Five Poems

by Shannon Amidon


Author's note: These five poems are from the second section of the manuscript "Wish for an Unknown Color," which tells the story of a crime of passion that takes place in the piney hills of North Louisiana. Another group is forthcoming in Willow Springs.



Partial Letter Found in a Hymnal by Sheriff Epp’s Daughter, age 12 Friendship Methodist Church, Three Weeks After the Funeral

Just because I let you touch me like a husband today
does not mean you ever will again. When the hail
thrashed your shoulders and rain painted your shirt to them,

I took pity, invited you in from your work
in my garden. Though I opened the door to you
with no one else home and only weather for witness,

hear me: I give you no false hope that this winter
you will sip my homemade wine or rest your boots
under the red oak table fashioned

for me as a wedding gift. You mean only
that I am the same girl I have been when
I’ve felt alone and frightened of the dark –








Before the Funeral


In my dream everyone who knows the story
has a part. One drags your body to the river’s edge.
Another smears blood into the splintering floor,
wild to clean. Someone else remembers the brain matter sprayed,
the sticky crowbar in the hollow center of the salt mine, and runs
to fetch it. But you, you only smile at me offering no endearments
or consolations. You open your milky eyes, vacant blue irises
covered with new death, and say nothing. Even in my dream
you do not forgive us. We leave you like animals, no prayers
or gentle closing of your lids. When we think of you, we cannot pray
or hum a single note. A black hate blossoms in our hearts for a world
without your sweet breath. The air around your body breaks our lungs.
I wake just in time to guide our children down their first fatherless road,
each tightly griping a soft lock of your hair.








First Letter to Opal


I have been drunk for many days and now I doubt
my memory. I know the house I slept in after I did murder
was not a house of love, and the woman I woke cradling was not you.
Her back, a canvas of bruises, seemed to mirror my heart
which I held against her. I wish I could say it was an accident,
or blame it on whiskey from the still behind the poplar grove at home.
But as she shifts her crown under my chin, I know
I owe her favors. Things are foggy now, so I will not mail
this letter ‘til I can really know the worst of it. You would not understand
what I can not defend, so I’ll not ask pardon, only mercy, and a quick death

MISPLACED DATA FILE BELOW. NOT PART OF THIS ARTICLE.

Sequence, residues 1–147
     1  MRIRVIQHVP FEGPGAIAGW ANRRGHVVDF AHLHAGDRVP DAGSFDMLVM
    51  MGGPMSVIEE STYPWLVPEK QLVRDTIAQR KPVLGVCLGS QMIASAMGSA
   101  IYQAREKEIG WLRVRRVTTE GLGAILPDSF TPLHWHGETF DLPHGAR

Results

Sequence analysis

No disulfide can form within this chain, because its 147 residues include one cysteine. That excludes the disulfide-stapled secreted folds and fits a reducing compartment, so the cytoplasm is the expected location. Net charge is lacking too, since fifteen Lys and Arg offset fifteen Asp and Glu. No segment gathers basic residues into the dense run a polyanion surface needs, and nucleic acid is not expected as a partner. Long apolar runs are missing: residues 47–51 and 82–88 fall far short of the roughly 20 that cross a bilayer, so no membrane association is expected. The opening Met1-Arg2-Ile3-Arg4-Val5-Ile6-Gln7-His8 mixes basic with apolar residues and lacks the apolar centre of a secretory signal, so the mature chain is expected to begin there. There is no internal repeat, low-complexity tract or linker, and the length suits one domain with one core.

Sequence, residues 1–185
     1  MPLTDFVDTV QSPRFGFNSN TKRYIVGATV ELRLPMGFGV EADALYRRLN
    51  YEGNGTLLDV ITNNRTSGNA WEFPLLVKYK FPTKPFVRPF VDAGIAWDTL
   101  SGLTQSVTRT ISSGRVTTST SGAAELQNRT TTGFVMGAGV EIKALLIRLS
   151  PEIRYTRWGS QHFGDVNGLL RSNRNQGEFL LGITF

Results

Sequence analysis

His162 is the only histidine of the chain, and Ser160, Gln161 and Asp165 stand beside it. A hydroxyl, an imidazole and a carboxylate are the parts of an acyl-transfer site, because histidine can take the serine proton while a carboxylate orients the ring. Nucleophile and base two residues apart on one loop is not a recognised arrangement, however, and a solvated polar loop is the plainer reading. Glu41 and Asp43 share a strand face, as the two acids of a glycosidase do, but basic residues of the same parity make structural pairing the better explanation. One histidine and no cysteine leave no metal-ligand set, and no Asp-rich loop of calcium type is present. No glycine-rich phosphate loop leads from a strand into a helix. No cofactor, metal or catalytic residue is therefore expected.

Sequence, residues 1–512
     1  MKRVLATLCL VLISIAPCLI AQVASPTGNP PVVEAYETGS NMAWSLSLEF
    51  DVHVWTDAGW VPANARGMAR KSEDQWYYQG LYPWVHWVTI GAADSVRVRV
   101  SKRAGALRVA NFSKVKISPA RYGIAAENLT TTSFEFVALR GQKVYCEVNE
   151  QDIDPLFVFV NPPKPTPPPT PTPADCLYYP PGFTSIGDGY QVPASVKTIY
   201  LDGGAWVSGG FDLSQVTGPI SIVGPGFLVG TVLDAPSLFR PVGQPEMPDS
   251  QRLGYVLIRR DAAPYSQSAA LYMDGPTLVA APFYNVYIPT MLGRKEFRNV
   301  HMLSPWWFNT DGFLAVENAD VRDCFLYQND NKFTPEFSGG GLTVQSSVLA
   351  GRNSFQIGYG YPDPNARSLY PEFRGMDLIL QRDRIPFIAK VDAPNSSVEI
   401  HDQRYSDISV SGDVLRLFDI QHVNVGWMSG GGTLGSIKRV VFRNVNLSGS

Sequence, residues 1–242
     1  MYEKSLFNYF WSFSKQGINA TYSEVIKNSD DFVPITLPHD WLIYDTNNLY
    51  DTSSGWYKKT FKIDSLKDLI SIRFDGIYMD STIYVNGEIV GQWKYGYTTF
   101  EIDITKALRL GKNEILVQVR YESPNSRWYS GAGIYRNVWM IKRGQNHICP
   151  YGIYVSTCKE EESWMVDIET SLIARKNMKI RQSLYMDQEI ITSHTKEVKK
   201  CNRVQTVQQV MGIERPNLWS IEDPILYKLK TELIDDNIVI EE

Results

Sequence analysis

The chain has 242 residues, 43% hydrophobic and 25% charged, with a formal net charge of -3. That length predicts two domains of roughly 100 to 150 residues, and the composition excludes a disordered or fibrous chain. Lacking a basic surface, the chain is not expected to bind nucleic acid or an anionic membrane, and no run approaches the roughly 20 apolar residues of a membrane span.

when it’s time. I do love you, and hope you can forget everything except,
maybe, the one time we danced at the laying by, all that music floating us
and the way your hair fell into my face under the stars.








Opal in Beech Grove Shadows


He doesn’t know I see him
holding the doe’s head
with the same bent elbow
that holds mine. When he grips
her muzzle he uses hands
that eased our firstborn
from my womb. Only now,
instead of yielding hope
he brings an ending, whispers
Go on, you go on, and stop this fight,
as her last breaths wing her out
of this world. When it is done,
he closes her eyes, and sits in the band
of green moss beside her, lingering,
like her fawn across the creek.
Neither can leave her yet.
I’m ashamed, watching this,
though he's told me
how it is to kill, ashamed
to be jealous of this deer’s
proximity to him, the way
she stepped into focus
while everything else blurred.








In Apology for Josiah Walker’s Funeral Dance


Josiah thought he was beautiful when he danced,
because as a child, his mother’s single gesture of love
was to hold his face in her thick hands and tell him so.
Then she beat him. Now a man, he danced without
being asked, and always alone. He danced
in the Piggly Wiggly parking lot, near hospital windows,
at Christmas fireworks, and at the fair. At festival time,
the Backwoods Ramblers’ thrumming guitar
and mandolin, Po’ Henry playing the wall,
and the Arcadia baby’s sweet voice, sent him
into trembling ecstasy. Once, out of meanness,
someone urged him to dance shoeless in the snow,
saying he looked graceful that way, like his feet
were angel’s wings. Another season, he managed
to climb to the top of the water tower, and sway and turn,
bending his knees ever so slightly, to the soft
humming of crickets and tree frogs singing for rain.